Yvette Jordan welcomed Newark’s plan to treat its city water system with a new chemical designed to stop corrosion from chewing up lead pipes and leaching the potent neurotoxin into drinking water.
Since 2017, lead levels have spiked. This spring, out of 159 homes tested, almost half showed elevated lead levels, particularly across the western portion of Newark served by its Pequannock reservoir system when the old anti-corrosion treatment apparently failed. On Tuesday, Newark switched chemicals.
“We have, and are introducing, the corrosion control inhibitor into the water. As of today, we are introducing it and in a few months we are prayerful that we will begin to see the lead levels begin to drop,” said Newark Mayor Ras Baraka.
The new chemical, orthophosphate, is already used by the city’s other water service area, Wanaque. It’s a food-grade additive.
“It forms a coating on the pipes, and then that coating on the pipes acts as a physical barrier to prevent the water from being in contact with the walls of the lead pipe,” said Sandy Kutzing, principal of engineering company CDM Smith.
But experts warn it will take at least six months to start working, if not longer. So environmental officials urged Newark residents to keep using the free filters handed out by the city — 36,000 so far. Jordan drinks only filtered water after the lead levels in her South Ward home hit more than 44 parts per billion, which is almost triple the federal action level of 15 parts per billion. She sued the city.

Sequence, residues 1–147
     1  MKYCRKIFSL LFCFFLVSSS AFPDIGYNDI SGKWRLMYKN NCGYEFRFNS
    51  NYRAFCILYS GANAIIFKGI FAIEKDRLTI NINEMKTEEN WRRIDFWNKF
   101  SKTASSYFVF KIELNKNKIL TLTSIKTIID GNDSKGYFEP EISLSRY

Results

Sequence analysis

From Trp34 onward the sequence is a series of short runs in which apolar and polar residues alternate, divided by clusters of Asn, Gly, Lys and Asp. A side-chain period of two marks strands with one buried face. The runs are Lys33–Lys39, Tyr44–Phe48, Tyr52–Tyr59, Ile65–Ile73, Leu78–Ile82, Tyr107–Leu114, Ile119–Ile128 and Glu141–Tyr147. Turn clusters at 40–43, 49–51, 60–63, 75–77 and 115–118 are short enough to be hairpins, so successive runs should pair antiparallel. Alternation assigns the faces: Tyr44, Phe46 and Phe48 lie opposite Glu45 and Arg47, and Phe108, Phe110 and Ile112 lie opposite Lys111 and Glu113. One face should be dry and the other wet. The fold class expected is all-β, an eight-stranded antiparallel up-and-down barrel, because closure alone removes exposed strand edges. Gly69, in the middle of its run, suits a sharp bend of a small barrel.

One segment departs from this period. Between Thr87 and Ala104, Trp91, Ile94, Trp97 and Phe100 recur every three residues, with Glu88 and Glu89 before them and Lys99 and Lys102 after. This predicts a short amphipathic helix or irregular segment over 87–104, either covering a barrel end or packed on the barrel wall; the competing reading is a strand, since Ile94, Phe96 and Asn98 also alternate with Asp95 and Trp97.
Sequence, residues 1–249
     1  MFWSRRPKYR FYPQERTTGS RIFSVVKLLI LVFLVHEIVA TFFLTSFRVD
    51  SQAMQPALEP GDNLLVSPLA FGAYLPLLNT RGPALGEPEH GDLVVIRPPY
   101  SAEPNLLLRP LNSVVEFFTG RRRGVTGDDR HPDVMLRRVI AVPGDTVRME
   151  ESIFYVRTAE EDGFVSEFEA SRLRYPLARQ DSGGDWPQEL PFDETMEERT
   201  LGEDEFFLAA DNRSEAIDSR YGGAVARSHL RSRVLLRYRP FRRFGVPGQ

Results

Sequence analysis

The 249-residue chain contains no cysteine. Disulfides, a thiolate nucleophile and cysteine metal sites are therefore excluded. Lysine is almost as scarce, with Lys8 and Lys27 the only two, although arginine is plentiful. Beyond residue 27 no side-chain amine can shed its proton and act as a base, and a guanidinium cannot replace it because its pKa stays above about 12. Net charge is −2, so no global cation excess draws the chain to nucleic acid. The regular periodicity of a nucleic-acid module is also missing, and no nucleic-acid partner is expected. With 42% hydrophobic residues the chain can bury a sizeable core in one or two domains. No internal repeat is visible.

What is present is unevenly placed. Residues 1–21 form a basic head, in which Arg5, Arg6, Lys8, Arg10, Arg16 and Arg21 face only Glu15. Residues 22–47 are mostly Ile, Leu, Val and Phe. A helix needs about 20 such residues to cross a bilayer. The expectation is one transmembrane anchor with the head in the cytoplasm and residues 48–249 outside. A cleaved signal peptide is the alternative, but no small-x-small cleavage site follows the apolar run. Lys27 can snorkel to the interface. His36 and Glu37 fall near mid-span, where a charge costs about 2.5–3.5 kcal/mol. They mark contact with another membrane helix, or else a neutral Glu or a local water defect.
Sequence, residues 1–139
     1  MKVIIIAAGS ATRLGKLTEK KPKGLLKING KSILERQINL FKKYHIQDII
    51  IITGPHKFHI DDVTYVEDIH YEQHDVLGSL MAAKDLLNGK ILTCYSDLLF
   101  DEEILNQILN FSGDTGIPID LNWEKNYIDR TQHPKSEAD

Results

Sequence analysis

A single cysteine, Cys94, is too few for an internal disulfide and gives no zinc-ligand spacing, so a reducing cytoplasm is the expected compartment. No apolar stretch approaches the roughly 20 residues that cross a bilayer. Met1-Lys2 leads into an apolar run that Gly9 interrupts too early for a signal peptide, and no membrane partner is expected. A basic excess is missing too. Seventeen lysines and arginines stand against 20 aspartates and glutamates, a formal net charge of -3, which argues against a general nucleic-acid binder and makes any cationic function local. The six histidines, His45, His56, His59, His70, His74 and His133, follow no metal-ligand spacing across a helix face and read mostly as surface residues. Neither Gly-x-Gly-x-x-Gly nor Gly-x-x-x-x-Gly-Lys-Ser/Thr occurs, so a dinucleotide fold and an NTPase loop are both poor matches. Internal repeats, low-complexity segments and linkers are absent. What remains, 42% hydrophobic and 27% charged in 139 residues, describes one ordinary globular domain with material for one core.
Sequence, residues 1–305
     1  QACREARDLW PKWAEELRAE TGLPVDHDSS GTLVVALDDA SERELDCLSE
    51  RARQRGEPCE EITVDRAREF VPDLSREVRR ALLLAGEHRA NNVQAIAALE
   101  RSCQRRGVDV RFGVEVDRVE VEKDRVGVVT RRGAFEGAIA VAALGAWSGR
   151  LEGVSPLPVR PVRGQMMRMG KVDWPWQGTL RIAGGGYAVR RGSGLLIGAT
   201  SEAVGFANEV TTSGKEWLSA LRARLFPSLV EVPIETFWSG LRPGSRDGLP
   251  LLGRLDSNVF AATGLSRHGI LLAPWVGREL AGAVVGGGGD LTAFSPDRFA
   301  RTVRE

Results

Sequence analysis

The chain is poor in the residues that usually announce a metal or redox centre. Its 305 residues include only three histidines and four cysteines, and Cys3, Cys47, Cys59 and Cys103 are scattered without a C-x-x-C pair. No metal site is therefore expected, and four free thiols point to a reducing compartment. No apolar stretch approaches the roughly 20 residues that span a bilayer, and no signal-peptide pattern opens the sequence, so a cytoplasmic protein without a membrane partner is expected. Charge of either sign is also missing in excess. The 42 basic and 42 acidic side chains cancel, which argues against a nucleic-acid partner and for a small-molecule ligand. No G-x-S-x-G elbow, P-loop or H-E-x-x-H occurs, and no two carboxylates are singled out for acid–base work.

“Many of the families and children for which I am really concerned about don’t have filters,” Jordan said. “And who is monitoring this? So that’s a concern, who is actually monitoring it?”
“We are monitoring the work that the Newark Department of Water and Sewer is doing very closely. And I just want to remind you that it’s a multistep effort and this is a big step today,” said New Jersey Department of Environmental Protection Commissioner Catherine McCabe.
The treated water will flow from a new $700,000 chemical feed in Montclair downstream to some 500,000 customers, and not just in Newark. Bloomfield, Belleville and Nutley also get their drinking water from the same source.
“I haven’t used the water in Newark since 2016. I’ve been buying bottled water since then,” said Newark resident Sherry Scucci-Hamilton.
Scucci-Hamilton can’t drink the water either, even though Newark’s already replaced the lead service line leading from the main to her North Ward home. She’s one of the first of 15,000 who will benefit from the $75 million service line replacement project, which is the first prong of Newark’s lead abatement efforts. Her concerns?
“Not a lot of people in the city are informed. They do some social media stuff, things like that, which is how I found out. But not everybody’s on social media,” she said.
“Even though you have filters out, is it enough? Are you having health educators out there informing people what is going on?” asked Jordan.
“The city’s going to continue to do public education, community meetings, Facebook live town halls, robocalls and press releases to continue to educate the public that we’re not out of the woods, yet,” said Kareem Adeem, acting director of Newark’s Department of Water and Sewer Utilities.
The city will host a Facebook live town hall on the topic next Tuesday.